Wide awake on hazardous overdose of energy drinks
By Bahk Eun-ji, Jung Min-ho, Kim Bo-eun
At around 7:15 a.m. every school day, Kim Kyu-dong, a 17-year-old high school senior at Gyeonggi Province, drops by a convenience store to buy two tins of Hot 6, an energy drink with high amounts of caffeine and taurine. Kim drinks one of them right before the first class starts in order not to doze off.
At 12:45 p.m. after having lunch, Kim drinks the second tin. This keeps him from feeling drowsy after eating, and helps him concentrate during afternoon classes. As he can’t buy energy drinks at the school cafeteria, he buys them before school.
At 11:00 p.m. after school, Kim heads to a private study close to his home. He usually stays up until 1:00 a.m. studying before going home. It is hard to stay awake, so he gets another Hot 6 from the vending machine in the reading room’s lounge.
The strength of caffeine gets much higher, when midterm or final exams. He cooks a mixed drink, better known here as a “Boong-boong drink.” It is a cocktail mixed with one or two tins of energy drinks and sports drinks, and a little amount of powdered vitamin C. The cocktail energy drink has been popular among mid and high school students who want to stay up all night mainly for securing enough time for studying in the days before exams.
“Many of my friends drink these kinds of energy drinks as we need to be awake so as not to miss any classes and time for study.” Kim says.
Ahn Min-sub, a high school student living in Seoul, is among those who show signs of addiction to energy drinks.
“Sometimes I fell asleep during class or when studying. As soon as I wake up, I can see other classmates are concentrating on studying, and it really makes me feel anxious. I feel like being left behind while others are doing well,” Ahn said. “That is the main reason I drink energy drinks on a daily basis. My friends are not much different.”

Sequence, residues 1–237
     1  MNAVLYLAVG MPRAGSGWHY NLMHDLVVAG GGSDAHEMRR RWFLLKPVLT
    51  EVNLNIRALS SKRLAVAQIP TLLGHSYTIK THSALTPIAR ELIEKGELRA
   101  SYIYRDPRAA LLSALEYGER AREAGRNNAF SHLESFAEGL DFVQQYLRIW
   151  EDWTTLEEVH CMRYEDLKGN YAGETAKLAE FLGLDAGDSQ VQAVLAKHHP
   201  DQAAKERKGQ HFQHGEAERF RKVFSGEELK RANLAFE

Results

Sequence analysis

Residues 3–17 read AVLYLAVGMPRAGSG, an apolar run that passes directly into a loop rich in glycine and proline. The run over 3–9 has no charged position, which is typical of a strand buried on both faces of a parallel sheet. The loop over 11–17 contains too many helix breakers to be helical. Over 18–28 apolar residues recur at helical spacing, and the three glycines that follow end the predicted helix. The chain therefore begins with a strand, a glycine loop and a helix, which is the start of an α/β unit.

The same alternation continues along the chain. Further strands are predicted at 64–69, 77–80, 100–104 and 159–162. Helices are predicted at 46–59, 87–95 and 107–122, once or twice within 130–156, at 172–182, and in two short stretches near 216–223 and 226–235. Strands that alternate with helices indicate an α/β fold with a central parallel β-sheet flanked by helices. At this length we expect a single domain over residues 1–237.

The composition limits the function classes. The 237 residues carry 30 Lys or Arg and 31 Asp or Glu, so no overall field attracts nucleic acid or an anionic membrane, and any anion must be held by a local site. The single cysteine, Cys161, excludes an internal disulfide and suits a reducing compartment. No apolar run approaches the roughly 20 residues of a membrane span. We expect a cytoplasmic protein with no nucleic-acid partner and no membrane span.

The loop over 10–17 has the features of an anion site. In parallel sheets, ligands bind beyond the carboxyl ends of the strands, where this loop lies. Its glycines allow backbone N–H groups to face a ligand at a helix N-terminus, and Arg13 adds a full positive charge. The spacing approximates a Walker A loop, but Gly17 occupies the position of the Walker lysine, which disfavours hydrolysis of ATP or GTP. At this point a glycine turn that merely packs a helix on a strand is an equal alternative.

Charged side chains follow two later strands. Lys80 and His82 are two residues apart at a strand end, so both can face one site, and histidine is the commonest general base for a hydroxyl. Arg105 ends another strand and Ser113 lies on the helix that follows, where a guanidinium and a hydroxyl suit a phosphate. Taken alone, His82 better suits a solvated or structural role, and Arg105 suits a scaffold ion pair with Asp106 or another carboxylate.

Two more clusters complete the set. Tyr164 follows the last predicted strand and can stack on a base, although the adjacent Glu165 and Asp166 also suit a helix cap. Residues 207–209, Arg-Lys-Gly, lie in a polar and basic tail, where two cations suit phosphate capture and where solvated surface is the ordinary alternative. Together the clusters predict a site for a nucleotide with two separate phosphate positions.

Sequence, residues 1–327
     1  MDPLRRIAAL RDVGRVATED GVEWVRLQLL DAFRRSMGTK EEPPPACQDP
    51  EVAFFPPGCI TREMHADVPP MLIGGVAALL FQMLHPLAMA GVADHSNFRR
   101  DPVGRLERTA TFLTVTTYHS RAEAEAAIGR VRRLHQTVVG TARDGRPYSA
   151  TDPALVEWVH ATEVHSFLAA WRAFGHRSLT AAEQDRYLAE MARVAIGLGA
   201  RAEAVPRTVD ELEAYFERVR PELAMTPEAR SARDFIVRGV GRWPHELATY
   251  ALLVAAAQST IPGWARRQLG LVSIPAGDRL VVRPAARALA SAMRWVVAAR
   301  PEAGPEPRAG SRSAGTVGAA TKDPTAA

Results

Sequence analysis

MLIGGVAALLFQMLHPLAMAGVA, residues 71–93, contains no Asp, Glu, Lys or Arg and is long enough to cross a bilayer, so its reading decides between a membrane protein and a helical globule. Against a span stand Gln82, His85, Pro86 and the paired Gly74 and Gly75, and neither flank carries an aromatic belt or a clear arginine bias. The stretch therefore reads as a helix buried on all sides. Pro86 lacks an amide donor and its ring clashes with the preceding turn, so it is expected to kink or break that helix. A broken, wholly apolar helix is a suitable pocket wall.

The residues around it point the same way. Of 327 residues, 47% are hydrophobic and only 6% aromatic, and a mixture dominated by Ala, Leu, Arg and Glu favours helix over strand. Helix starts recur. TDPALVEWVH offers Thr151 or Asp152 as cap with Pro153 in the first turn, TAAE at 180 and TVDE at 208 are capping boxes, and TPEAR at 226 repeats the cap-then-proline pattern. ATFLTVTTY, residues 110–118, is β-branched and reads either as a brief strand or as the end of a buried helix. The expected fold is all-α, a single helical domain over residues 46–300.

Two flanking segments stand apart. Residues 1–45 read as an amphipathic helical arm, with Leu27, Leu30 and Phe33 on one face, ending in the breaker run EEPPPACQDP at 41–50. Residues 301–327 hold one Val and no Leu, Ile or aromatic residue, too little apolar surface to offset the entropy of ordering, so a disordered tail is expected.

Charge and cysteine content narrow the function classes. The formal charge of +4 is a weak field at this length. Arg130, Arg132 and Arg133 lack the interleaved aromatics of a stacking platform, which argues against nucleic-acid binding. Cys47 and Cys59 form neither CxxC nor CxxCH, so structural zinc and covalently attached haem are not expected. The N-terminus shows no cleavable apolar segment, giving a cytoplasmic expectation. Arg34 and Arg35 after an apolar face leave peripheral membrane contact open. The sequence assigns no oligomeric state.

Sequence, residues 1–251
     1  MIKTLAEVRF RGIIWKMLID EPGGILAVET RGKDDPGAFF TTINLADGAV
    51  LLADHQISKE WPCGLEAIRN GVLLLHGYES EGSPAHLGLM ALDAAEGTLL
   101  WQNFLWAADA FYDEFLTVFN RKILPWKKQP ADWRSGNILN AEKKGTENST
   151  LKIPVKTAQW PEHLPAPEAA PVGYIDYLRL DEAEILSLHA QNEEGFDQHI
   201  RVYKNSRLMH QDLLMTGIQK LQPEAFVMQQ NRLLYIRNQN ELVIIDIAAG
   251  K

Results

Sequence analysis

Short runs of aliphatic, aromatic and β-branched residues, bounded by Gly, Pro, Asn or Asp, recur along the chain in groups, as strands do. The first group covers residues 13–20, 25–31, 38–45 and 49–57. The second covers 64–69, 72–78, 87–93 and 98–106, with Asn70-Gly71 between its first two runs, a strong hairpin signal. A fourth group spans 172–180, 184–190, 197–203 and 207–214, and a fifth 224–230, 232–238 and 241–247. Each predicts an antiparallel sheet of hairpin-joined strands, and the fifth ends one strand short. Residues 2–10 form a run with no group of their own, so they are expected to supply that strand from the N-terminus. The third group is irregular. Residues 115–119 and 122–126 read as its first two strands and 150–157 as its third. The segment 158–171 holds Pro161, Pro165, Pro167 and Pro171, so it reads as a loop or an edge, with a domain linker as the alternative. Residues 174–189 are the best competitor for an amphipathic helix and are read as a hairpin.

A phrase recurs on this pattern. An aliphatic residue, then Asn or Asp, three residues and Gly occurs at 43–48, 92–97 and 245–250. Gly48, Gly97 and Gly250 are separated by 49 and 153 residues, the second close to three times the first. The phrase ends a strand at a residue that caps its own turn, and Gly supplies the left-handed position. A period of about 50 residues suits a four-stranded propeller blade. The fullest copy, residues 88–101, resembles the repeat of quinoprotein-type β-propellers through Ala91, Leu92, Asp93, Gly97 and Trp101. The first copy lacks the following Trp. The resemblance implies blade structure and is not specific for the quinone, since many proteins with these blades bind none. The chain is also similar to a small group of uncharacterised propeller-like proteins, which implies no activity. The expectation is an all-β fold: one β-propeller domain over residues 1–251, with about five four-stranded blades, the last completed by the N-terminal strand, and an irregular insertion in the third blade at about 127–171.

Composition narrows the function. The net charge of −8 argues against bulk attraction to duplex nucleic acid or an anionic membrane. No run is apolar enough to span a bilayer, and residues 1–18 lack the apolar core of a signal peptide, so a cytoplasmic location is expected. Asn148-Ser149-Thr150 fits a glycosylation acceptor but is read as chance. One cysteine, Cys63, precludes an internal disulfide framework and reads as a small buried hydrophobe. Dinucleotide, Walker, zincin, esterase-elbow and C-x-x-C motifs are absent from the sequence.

Sacrificing for nothing
For many high school students in Korea, tasked to achieve high exam scores, there is a legitimate reason to pull an all-nighter at the expense of their health. Attaining academic success amid the cutthroat competition is obviously difficult but a must-do mission for them.
With that, the temptation of the magic drink, which keeps them awake for more time to study, is too enticing to refuse.
Lim Soo-jin, an English teacher at Seoul Ban-po high school, however, warned that drinking the energy beverage as well as the cocktail drink is not an effective way to achieve good grades.
“Many students are desperate to get good grades. And their parents’ expectations are apparently one of the major reasons for that grade-obsession in this society,” Lim said. “Although I understand how they feel about their grades as I went through the same when I was their age, I don’t think those drinks are helpful to them at all. Based on my observations as teacher, what determines good grades is how they do when they are awake instead of simply sleeping less.”
Lim pointed out that what really matters in terms of achieving academic success hinges on the quality of the time, not the quantity of it, saying that she did not stay up late when she was a student.
“Although I drank some coffee from time to time, I had never stayed up all night to study in high school. I think the kernel of the whole issue lies in the fact that students are just emotionally unstable under a tremendous pressure without knowing how to handle it,” Lim said. “So, I think, they just try to find something to depend on or to blame on to justify that they are doing their best. The fact is, however, they are not trying their best, they are simply sacrificing themselves for nothing.”